I prefer to doubt everything; such a disposition does not preclude a resolute character; on the contrary, as far as I’m concerned, I always advance more boldly when I do not know what is awaiting me.

Personally, I’m more like Pechorin’s friend Maxim Maximych (a more prominent character in early parts of A Hero of Our Time): “…in general he does not care for metaphysical discourses.” I’ll make an exception for Lermontov.

About the Author: I know Lermontov’s poetry more than his prose (something I’ll probably say about many of the Russian authors). He sort of stepped in to fill the void after Pushkin’s death and is known as Russia’s great Romantic.

Deal Me In Lunar Extra ~ “The Invisible Girl”

20140105-160356

Hosted by Jay @ Bibliophilopolis

I was very indecisive when picking my Deal Me in Stories, so I added an extra “Lunar” twist.
For each full moon, I’ll be reading a horror story written by a woman.

“The Invisible Girl” by Mary Shelley

Card picked: A Jack

From: Online at Gutenberg Australia

Thoughts: This is another tale that borrows some gothic tropes, if lightly. Our narrator isn’t the person directly involved in the story, but heard it from an old woman after he seeks refuge in a curious “ruined” tower that has a lovely painting called “The Invisible Girl” in its upper room. Further, this narrator is set in the early 18th century, not in Shelly’s early 19th. Since the old woman is telling a story that happened many years before *that*, we could place the main events of “The Invisible Girl” near the time The Castle of Otranto was written (although the events of Walpole’s novel occur centuries in the past). I wonder if this shifting a story backwards in history is meant to excuse some of the actions of the characters. Sir Peter and his widow sister treat Rosina terribly, but they are people of the past. Surely, people of the present behave more humanely. (Also in the land of Otranto connections I’m probably making up, we also have a heroine with a somewhat Italian sounding name.)

But anyway, the story: Henry, the son of Sir Peter, falls in love with Rosina, an orphan who lives on his father’s estate. Henry and Rosina have grown up together; of course they love each other, but since she has no heredity of note, the couple keep this love secret. All is well until Sir Peter’s sister moves in. She susses out the truth, sends Henry away and besmirches Rosina’s honor. Sir Peter sends her away and she presumably dies in the woods. Sir Peter, we are told, might feel badly about this, but Shelley’s not very convincing when she says so. Henry finds out his love is dead and decides to find her body. Instead, his boat is caught in a nasty storm and is led to safety by a mysterious light in a tower. When he asks nearby folks about it, they tell him the Invisible Girl is responsible. Which of course leads Henry to wonder, is the Invisible Girl the spirit of Rosina?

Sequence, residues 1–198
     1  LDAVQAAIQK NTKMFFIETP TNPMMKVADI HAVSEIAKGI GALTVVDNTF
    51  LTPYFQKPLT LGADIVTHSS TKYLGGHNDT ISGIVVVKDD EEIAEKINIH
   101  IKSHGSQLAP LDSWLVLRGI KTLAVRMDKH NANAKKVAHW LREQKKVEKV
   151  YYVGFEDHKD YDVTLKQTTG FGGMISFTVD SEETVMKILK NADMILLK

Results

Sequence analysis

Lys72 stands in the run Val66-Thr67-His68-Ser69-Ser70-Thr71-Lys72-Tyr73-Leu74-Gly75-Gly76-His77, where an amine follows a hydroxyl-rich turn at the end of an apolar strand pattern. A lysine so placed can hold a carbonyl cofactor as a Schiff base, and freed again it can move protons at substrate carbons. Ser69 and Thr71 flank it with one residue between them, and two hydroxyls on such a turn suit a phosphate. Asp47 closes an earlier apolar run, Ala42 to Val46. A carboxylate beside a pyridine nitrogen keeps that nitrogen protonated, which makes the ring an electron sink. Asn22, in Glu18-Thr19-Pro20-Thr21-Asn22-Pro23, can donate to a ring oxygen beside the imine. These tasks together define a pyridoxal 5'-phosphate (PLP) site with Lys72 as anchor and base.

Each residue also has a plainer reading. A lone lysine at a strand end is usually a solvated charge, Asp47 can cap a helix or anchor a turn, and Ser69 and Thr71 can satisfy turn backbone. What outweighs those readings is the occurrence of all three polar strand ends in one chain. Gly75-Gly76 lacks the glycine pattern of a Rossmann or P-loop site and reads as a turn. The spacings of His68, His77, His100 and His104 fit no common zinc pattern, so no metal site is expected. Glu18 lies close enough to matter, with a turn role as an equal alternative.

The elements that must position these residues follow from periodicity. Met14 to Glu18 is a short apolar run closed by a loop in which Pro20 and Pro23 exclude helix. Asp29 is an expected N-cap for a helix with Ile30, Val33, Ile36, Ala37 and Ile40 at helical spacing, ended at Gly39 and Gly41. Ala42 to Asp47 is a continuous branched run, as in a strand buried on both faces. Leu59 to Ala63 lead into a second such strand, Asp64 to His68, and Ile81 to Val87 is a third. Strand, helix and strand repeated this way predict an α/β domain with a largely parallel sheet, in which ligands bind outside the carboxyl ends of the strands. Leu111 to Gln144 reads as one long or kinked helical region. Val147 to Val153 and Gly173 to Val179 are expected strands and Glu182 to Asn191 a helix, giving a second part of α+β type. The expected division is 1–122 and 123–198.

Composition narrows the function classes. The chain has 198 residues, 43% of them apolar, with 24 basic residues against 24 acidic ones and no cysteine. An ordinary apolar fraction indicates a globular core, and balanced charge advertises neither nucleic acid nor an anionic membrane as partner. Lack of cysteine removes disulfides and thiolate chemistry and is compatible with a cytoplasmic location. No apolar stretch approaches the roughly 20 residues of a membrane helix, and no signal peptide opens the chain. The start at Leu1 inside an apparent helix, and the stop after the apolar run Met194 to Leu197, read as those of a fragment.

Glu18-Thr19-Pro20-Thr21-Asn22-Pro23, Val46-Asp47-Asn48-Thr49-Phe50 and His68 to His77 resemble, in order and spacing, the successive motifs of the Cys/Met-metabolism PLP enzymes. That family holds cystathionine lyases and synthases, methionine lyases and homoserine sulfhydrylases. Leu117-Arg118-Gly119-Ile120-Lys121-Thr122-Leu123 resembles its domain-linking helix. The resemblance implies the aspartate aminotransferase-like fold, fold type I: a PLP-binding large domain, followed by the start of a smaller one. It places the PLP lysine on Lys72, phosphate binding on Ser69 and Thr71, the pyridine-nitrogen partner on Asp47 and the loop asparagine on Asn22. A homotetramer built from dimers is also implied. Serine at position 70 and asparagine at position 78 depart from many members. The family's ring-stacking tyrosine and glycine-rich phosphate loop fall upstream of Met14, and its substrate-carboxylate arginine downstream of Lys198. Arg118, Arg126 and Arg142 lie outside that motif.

There’s a twist ending to this tale which I thought was quite nice. Paula Cappa originally posted about this story in October of 2013.

About the Author: Yes, *that* Mary Shelley. She wrote more than Frankenstein. A lot more! This is the first short story I’ve read by her, but it probably won’t be the last.

Deal Me In, Week 13 ~ “You Don’t Even Feel It”

20140105-160356

Hosted by Jay @ Bibliophilopolis

“You Don’t Even Feel It” by Lawrence Block

Card picked: Three of Diamonds

From: Murder on the Ropes

Thoughts: Keisha’s husband Darnell is a junior middleweight champion. After being married for twelve years with three daughters, Keisha was under the impression that Darnell would retire. He intends to, but not until after another two fights. He knows he can win these fights and tie-up another two belts. He’s in good health, at least on the outside. Keisha, though, notices his forgetfulness and the way he’s started to slur his words. “Getting hit upside the head? You don’t even feel it,” Darnell assures her, which isn’t reassuring at all.

This was not a great story. Boxing is, basically, a sport where two men* do damage to each other until one man can’t take it anymore. This leads to complications for everyone involved: the boxers, the boxing industry, and boxing fans. “You Don’t Even Feel It” handles this without any complexity and in a somewhat preachy manner. It doesn’t even scratch the surface.

*And women too. It will be interesting to see if any of the stories in this anthology include women.